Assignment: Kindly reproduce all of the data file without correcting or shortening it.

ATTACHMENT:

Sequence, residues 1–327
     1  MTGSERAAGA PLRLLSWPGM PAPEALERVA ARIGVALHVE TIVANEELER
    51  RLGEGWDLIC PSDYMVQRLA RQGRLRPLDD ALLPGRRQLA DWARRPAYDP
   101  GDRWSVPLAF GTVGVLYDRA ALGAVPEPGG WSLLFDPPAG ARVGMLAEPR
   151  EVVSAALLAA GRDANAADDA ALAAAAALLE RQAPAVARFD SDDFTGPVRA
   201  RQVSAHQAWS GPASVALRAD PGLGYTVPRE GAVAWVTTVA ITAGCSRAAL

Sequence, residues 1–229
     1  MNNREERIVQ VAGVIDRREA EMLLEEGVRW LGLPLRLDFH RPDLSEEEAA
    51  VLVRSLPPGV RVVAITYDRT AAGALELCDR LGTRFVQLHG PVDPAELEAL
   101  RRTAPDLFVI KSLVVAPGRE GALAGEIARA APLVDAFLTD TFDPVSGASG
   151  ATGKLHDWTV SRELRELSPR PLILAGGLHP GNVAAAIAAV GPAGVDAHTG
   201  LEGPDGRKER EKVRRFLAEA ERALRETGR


Sequence, residues 1–327
     1  MTGSERAAGA PLRLLSWPGM PAPEALERVA ARIGVALHVE TIVANEELER
    51  RLGEGWDLIC PSDYMVQRLA RQGRLRPLDD ALLPGRRQLA DWARRPAYDP
   101  GDRWSVPLAF GTVGVLYDRA ALGAVPEPGG WSLLFDPPAG ARVGMLAEPR
   151  EVVSAALLAA GRDANAADDA ALAAAAALLE RQAPAVARFD SDDFTGPVRA
   201  RQVSAHQAWS GPASVALRAD PGLGYTVPRE GAVAWVTTVA ITAGCSRAAL

Sequence, residues 1–229
     1  MNNREERIVQ VAGVIDRREA EMLLEEGVRW LGLPLRLDFH RPDLSEEEAA
    51  VLVRSLPPGV RVVAITYDRT AAGALELCDR LGTRFVQLHG PVDPAELEAL
   101  RRTAPDLFVI KSLVVAPGRE GALAGEIARA APLVDAFLTD TFDPVSGASG
   151  ATGKLHDWTV SRELRELSPR PLILAGGLHP GNVAAAIAAV GPAGVDAHTG
   201  LEGPDGRKER EKVRRFLAEA ERALRETGR